1. In the LORD I take refuge; how can you say to my soul, “Flee like a bird to your mountain,
2. for behold, the wicked bend the bow; they have fitted their arrow to the string to shoot in the dark at the upright in heart;
3. if the foundations are destroyed, what can the righteous do?”
4. The LORD is in His holy temple; the LORD’S throne is in heaven; His eyes see, His eyelids test the children of man.
5. The LORD tests the righteous, but His soul hates the wicked and the one who loves violence.
6. Let Him rain coals on the wicked; fire and sulfur and a scorching wind shall be the portion of their cup.
7. For the LORD is righteous; He loves righteous deeds; the upright shall behold His face.
To understand this poem David wrote, we have to understand its context. It was written during a time when David’s danger was so great that even his advisers instructed him to retreat (2 Samuel 15-17). Not taking their advice, David asks, “How can you say this to me?” His advisers were making it apparent to David the abundance of their wicked enemies surrounding them, so it only made sense to retreat. If their foundations are destroyed, there is nothing they can do. The destruction of their foundations would lead to inevitable defeat.
But how does David respond? He calls to mind God’s supposed distance, restating He remains interested in human affairs (“his eyelids test the children of man”). He continues to test our deeds. When we read in Scripture God hating something, it is not “hate” in our sense of the word. When we hate a person, it is out of sin. Since God is sinless, obviously His hate must mean something entirely different. As a holy God, He finds our wicked actions repugnant. When God hates something or someone, He is repulsed. He hates the wicked—He is repulsed by the wicked. So because David and his army are surrounded by people who repulse God, he calls on Him to give his army the strength to conquer them.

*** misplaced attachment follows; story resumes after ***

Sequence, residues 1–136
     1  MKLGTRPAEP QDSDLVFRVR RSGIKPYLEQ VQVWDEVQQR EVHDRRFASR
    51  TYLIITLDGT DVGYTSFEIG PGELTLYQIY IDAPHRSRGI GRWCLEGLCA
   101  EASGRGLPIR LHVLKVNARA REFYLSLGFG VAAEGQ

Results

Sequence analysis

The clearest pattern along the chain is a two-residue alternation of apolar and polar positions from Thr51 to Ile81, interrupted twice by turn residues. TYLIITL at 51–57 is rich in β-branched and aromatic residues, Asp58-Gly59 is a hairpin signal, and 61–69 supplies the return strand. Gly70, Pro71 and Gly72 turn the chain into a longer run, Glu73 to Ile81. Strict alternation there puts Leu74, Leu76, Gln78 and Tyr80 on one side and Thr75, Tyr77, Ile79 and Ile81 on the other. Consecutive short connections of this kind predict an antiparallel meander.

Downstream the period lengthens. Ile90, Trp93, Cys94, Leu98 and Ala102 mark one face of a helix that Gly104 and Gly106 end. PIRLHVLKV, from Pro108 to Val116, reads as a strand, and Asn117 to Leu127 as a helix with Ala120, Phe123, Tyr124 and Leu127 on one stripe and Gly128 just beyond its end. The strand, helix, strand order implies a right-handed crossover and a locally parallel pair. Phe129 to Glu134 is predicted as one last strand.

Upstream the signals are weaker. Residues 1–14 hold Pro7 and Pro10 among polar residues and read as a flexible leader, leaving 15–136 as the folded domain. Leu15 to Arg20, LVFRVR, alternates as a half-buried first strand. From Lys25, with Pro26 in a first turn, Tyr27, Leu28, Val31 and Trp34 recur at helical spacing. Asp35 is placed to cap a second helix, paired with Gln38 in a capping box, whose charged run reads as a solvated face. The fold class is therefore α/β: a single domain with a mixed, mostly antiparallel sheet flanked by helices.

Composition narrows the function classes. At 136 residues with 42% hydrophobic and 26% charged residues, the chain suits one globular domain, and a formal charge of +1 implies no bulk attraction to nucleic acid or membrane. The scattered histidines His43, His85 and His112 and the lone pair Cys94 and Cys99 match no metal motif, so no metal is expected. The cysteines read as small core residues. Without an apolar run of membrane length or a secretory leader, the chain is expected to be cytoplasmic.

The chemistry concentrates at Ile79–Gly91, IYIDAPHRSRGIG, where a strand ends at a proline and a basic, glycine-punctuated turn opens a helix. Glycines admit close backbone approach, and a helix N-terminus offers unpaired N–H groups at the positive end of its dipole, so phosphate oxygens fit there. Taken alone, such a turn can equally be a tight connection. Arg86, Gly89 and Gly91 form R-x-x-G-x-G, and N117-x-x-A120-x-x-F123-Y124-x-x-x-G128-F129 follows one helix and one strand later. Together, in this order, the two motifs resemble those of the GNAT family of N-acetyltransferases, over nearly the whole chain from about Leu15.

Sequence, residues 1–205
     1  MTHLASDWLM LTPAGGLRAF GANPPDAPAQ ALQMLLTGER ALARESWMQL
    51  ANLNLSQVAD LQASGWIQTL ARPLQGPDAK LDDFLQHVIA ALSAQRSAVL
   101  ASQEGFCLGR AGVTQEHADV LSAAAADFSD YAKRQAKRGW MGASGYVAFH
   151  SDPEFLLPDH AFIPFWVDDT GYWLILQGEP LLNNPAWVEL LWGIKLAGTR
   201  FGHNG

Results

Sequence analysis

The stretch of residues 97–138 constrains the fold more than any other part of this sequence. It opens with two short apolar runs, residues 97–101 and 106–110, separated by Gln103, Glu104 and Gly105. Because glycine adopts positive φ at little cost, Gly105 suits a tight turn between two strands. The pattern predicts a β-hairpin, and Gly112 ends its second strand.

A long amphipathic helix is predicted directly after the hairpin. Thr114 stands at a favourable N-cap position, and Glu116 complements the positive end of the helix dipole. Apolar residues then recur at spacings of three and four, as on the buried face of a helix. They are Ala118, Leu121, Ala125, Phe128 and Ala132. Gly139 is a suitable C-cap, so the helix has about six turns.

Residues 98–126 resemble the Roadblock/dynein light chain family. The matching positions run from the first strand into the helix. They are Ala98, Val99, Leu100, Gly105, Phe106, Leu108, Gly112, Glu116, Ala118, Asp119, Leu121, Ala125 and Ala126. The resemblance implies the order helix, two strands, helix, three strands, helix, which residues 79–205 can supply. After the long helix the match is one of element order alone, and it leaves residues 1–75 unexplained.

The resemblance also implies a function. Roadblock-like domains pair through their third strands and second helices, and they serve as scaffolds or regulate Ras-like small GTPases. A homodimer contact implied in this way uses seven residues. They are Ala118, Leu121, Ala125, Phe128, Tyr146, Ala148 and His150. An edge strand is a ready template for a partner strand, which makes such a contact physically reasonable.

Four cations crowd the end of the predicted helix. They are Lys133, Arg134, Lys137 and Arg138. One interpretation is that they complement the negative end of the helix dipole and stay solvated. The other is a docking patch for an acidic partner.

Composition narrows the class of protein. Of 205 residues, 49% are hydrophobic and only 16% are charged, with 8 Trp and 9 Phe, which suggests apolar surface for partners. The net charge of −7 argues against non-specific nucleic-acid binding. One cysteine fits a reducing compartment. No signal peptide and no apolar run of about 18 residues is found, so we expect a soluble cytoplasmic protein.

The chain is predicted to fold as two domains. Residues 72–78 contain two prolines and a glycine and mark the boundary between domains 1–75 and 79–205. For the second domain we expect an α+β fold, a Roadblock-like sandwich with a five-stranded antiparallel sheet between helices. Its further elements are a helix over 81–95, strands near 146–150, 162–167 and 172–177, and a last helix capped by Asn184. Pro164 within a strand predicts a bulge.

Yet what does this mean for us as today as Christians? Our faith is often tested, and we are often in want of something more. However, God’s mercy toward us never dwindles like our faith does from time to time. These tests, or temptations, may come from the Devil or the world. Sometimes, these tests the enemy sends upon us makes our faith waver. The death of a friend or loved one may cause us to question God’s goodness, maybe even His existence. Financial troubles may do the same. Sometimes even God may test us. It’s hard to discern what His tests may be and their purpose. To understand this, we should consider Paul’s thorn in the flesh:
So to keep me from becoming conceited because of the surpassing greatness of the revelations, a thorn was given me in the flesh, a messenger of Satan to harass me, to keep me from becoming conceited. Three times I pleaded with the Lord about this, that it should leave me. But He said to me, “My grace is sufficient for you, for My power is made perfect in weakness.” Therefore, I will boast all the more gladly of my weaknesses, so that the power of Christ may rest upon me. For the sake of Christ, then, I am content with weaknesses, insults, hardships, persecutions, and calamities. For when I am weak, then I am strong. (2 Corinthians 12:7-10)
It’s uncertain what Paul means by “a thorn in the flesh,” but there are two possibilities: it could be a recurring attack or temptation—a sin that continued to haunt him. At times, God may allow a temptation or attack to persist in order to teach us something. Remember Job? He allowed Satan to attack Job to make the point to Satan (and us) that Satan can only do what God allows, and also to teach Job who’s in control of the universe and that God never needs to explain His actions. So if a thorn in our flesh persists, perhaps God has an important lesson for us.